Asia is on track to top 50 per cent of global GDP by 2040 and drive 40 per cent of the world’s utilization, says a McKinsey Global Institute (MGI) discussion paper, titled ‘Asia’s Future is Now’, free on Monday.
While describing emerging Asia’s soaring utilization and its integration into global flows of trade, capital, talent, and innovation as “one of the most dramatic developments of the past 30 years”, the report said that in the decades ahead, Asia’s economies would go from engage in these flows to determining their shape and direction. It added that in many areas –from the internet to trade and luxury goods — they already were. “The question is no lengthy how quickly Asia will rise; it is how Asia will lead,” it said.
“In 2000, Asia accounted for just under one-third of global GDP (in PPP terms), and it is on path to top 50 per cent by 2040. By that point, it is expected to account for 40 per cent of the world’s total utilization,” the report highlighted.
The MGI discussion paper, which provides an overview of Asia’s role in the four areas of trade flows and networks, corporations in Asia, technology and the Asian consumer, is part of the ‘Future of Asia’ initiative launched on Monday by McKinsey & Company, in collaboration with the McKinsey Global Institute. The initiative is a multi-channel and multi-year research attempt “that examines, not how quickly Asia will rise, but how Asia will lead”.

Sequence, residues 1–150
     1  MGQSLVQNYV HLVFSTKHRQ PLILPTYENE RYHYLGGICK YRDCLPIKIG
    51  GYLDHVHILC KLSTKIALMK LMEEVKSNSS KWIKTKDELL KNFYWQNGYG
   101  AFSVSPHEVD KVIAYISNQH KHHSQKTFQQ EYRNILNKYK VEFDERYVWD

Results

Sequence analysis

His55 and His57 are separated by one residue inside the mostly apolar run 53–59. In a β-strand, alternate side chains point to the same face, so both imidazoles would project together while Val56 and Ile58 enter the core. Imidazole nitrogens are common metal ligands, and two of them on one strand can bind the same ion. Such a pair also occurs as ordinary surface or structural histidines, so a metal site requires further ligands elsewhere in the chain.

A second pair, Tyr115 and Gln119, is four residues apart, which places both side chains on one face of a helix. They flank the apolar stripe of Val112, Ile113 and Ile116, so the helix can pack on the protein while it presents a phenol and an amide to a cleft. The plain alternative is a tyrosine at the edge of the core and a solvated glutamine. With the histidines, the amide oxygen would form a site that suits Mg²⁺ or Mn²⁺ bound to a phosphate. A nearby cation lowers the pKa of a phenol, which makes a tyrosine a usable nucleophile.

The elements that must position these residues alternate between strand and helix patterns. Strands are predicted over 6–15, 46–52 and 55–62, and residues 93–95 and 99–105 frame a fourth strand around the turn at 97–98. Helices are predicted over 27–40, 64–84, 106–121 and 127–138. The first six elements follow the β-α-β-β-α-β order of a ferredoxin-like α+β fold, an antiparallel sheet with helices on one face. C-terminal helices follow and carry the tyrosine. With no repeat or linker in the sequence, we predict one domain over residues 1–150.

With rising consumption, more of what gets made in Asia is being sold locally instead of being exported to Western countries, said the report. At present, 52 per cent of Asian trade is intra-regional, it added.
According to the report, in 2017, the share of intra-regional goods trade stood at 40.7 per cent in the North American Free Trade Agreement (NAFTA) region, 63 per cent in the European Union, 21.7 per cent in the Latin America and Caribbean (LAC) region, 18.8 per cent in Sub-Saharan Africa and 15.9 per cent in the Middle East and North Africa (MENA) region.
Jonathan Woetzel, a senior partner at McKinsey and director of MGI, said intra-regional trade is increasingly important to Asia with supply chains becoming shorter and more localised. “While the previous era of globalisation was marked by Western companies building supply chains that stretched halfway around the world as they sought out the lowest possible labour costs, today only 18 per cent of goods trade involves exports from low-wage countries to high-wage countries,” added Woetzel.
The report highlighted that over the decade from 2007 to 2017, China almost tripled its production of labour-intensive goods from $3.1 trillion to $8.8 trillion. However, at the same time, the share of gross output of Chinese exports dramatically decreased from 15.5 per cent to 8.3 per cent. India, it added, has similarly been exporting a smaller share of its output over time. “This implies that more goods are being consumed domestically rather than exported,” said the report. “Furthermore, as the region’s emerging economies develop new industrial capabilities and begin making more sophisticated products, they are becoming less reliant on foreign imports of both intermediate inputs and final goods.”